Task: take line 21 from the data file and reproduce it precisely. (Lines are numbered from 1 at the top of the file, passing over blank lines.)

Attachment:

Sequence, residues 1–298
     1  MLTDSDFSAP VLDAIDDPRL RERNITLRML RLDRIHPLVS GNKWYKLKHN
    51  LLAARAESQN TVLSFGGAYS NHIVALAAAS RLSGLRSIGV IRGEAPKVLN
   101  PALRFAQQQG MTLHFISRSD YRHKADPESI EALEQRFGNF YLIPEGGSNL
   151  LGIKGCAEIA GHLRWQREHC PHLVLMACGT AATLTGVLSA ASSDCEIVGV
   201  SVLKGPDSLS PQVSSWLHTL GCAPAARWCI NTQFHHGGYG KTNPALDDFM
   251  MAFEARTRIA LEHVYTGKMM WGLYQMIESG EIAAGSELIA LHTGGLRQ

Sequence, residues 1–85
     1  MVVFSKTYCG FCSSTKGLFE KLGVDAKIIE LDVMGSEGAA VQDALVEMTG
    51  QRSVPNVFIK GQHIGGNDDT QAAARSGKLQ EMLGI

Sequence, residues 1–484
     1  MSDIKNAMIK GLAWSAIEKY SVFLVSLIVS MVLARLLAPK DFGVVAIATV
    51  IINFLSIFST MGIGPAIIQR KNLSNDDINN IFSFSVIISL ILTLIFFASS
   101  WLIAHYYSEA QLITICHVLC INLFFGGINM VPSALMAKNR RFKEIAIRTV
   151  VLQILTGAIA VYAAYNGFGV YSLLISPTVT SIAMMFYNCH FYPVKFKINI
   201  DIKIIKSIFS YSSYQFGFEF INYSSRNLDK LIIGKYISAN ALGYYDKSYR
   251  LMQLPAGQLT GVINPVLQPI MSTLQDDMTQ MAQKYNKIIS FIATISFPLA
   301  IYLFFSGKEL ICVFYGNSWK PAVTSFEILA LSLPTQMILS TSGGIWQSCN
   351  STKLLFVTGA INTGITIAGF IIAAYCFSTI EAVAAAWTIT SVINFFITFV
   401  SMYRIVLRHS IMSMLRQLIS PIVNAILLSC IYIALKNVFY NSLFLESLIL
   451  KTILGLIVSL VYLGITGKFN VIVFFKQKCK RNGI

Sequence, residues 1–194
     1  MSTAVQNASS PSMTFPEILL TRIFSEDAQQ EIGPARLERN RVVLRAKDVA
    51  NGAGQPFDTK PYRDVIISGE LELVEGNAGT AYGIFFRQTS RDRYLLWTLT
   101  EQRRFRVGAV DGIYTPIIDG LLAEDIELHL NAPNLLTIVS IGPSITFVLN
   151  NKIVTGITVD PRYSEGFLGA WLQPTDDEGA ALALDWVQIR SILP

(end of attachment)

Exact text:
   451  KTILGLIVSL VYLGITGKFN VIVFFKQKCK RNGI